If you’ve been reading my articles for a while you may have noticed that I have an affection for the simplicity of a canoe. I think I have six in my fleet right now, I’ve yet to figure out how to paddle more than one at a time. It could be because it was my first taste of independence growing up on a small lake. My canoe allowed me to escape on my own for what I thought at the time were grand adventures. It could be because some of my fondest memories as a child involve my brothers, my parents, and I with assorted friends and family doing canoe trips on the Saco River and other smaller rivers. I can still feel the water spray as we hit rapids, I can still hear the pounding of the water as I rode along in the current. It could be that the first real purchase my wife and I made as I evolved into a woodsman was an Old Town Guide Canoe. We ventured into the factory outlet in Old Town and I saw the most perfect canoe. We didn’t have a lot of money. Like many times before, and many times since my wife saw the spark in my eye as I imagined being in the stern navigating some wild river. She said, “buy it.” I did, and I was as happy as I could be. (Side note, never trade a good canoe, I wish I had that Guide back.)
Now, as a parent, I’ve discovered a different use for a good canoe, parenting. If you haven’t been told, or haven’t figured it out, parenting is hard. Sue and I have raised two adult children and have an eleven-year-old that is rapidly becoming a challenge to her sister and brother’s title of most difficult. I’ve found that the best way to reach them is to put them in a canoe.
The bow seat of a canoe is a great place for a kid to sit. They have their back to you as you blubber on about doing the right thing for the right reasons, and the warning about giving into peer pressure. They are free to roll their eyes and yawn without you noticing. I’ve discovered with my youngest child a new twist to my canoe parenting technique. It’s very important that they have a paddle. It’s not to help you propel your parenting vessel of wisdom along, it’s to keep them from grabbing their phone to text their friends about how lame their dad is.
Having them in the front seat also allows you to show emotion. In my case my son and I were in a canoe a few weeks ago. He was in the bow seat filling it with his man sized frame. He’s 24 years old now. I watched as he made powerful strokes with confidence. I flashed back to taking him fishing and him sitting in the bow seat with a paddle that was two feet taller than he was. I remembered his lifejacket that was two sizes two big. I remembered when he was teenage boy and I took him fishing not to catch fish but to talk to him about how to treat a woman, and his first real girlfriend. I can still see his neck turning red as we discussed the “S” word, and I don’t mean salmon. I also remembered wondering what kind of man he would become. A few weeks ago I realized the answer was right in front of me.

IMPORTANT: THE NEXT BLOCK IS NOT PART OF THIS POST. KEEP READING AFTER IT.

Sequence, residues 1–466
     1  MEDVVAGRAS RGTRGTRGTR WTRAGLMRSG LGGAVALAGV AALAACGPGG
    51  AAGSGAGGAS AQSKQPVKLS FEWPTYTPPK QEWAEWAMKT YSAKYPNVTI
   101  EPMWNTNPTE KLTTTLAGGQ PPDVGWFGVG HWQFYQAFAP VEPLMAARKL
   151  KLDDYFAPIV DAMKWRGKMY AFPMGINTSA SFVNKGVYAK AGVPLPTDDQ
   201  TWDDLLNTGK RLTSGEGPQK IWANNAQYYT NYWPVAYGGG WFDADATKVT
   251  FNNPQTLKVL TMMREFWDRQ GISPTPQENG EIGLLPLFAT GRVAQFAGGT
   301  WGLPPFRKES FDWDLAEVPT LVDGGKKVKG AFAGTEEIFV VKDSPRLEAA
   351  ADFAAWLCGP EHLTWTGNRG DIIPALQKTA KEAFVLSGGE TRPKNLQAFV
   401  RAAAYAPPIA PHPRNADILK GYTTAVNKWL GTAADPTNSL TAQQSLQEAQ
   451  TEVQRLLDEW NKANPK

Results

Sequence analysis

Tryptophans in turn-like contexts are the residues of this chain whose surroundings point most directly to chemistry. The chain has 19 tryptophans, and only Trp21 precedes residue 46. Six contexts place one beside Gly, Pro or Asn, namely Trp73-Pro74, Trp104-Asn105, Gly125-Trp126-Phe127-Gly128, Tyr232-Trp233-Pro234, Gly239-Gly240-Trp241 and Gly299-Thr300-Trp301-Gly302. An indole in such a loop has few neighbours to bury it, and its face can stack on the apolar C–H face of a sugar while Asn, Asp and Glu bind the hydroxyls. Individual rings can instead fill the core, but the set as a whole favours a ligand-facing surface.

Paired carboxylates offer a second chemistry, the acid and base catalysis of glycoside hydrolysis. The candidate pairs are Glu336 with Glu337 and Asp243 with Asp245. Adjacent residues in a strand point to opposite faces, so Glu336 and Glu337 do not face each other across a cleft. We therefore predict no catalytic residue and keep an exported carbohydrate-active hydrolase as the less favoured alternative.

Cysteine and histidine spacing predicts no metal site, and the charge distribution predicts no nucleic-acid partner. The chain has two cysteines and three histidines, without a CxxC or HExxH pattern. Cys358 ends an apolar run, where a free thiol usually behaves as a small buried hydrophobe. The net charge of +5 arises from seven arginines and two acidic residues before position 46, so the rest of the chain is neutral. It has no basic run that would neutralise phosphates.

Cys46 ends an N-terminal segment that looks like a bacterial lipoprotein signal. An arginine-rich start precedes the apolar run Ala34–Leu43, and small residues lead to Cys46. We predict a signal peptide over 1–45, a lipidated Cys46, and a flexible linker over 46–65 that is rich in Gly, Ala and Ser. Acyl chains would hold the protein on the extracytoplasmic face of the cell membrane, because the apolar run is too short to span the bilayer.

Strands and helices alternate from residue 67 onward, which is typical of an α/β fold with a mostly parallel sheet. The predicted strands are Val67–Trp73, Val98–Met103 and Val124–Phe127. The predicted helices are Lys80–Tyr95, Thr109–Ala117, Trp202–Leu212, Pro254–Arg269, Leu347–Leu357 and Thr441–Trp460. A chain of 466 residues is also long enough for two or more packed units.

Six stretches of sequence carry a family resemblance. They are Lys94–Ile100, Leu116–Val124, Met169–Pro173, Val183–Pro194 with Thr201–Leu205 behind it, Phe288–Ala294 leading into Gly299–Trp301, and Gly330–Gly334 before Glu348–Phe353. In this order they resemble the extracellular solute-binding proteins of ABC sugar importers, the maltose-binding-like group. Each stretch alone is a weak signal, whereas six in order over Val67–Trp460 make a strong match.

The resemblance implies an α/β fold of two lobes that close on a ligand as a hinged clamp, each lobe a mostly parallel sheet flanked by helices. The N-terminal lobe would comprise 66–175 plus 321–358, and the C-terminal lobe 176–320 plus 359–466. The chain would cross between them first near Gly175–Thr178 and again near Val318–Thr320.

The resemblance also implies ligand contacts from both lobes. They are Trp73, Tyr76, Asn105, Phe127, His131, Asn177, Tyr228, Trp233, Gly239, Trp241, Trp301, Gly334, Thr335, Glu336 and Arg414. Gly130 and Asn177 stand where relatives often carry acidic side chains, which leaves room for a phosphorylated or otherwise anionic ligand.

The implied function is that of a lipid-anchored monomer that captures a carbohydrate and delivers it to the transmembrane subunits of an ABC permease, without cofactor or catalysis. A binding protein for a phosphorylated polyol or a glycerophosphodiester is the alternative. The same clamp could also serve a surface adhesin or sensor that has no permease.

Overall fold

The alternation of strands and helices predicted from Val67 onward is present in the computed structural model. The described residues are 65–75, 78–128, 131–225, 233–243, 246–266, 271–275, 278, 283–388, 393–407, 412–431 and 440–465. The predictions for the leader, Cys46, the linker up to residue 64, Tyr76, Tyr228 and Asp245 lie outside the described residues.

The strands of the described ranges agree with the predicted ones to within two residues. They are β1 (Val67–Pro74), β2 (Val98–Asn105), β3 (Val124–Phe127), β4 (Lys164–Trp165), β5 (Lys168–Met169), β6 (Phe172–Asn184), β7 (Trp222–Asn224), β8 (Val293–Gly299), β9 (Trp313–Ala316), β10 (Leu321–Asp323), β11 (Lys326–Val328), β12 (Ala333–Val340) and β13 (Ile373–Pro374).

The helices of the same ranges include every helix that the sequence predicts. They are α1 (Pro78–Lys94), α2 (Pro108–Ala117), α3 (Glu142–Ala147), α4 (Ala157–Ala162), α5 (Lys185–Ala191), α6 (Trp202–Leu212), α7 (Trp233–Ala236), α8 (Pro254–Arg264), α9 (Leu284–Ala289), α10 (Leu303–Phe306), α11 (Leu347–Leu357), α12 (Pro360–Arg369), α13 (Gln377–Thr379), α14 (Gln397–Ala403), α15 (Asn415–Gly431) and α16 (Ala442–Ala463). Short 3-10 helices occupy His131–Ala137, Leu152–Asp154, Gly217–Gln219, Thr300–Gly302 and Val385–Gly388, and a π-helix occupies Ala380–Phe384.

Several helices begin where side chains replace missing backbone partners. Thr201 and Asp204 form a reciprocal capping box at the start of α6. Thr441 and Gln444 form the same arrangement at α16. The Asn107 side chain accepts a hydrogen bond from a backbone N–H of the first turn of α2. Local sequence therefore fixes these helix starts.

The most vivid memories I have as a canoe parent is of my middle daughter. Always a free spirit, and a fighter, we would verbally spar as we tried to cross a windblown lake. She gave as much as she got and beat me in several arguments, forcing me to resort to the age old parenting technique of, “I’m the adult that’s why,” to stop the fight. One day the dock broke free from its anchor and was blowing down the lake. I grabbed my daughter and said, “let’s go.” The wind was blowing a gale and there were some monster white caps. Off we went in the canoe. We tossed, turned, and bungled our way down the lake. We secured the raft to a tree along the shore and walked back to the house. She handled herself in the bow well, I on the other hand fought to keep the boat tracking well. In the heat of the moment I blamed her, I called her a “canoeing liability.” Well that was that. She was done paddling and because of my poor canoe seat parenting I missed a lot of canoe time with her until she was willing to get back in a boat with me. Funny side story, when she finally did get in again we promptly dumped the canoe in the river and lost half our gear. I had learned my lesson though. It was my fault not hers, I was the liability.
Now I’m left with one more bow person to raise. We’ll fish, we’ll talk about rights and wrongs, and the importance of self-worth. I’ll teach her the proper strokes and how to read the water. Just like her brother and sister before her she’ll teach me that the bow is not the only place a person can learn how to be a better person. The person in the stern can learn too.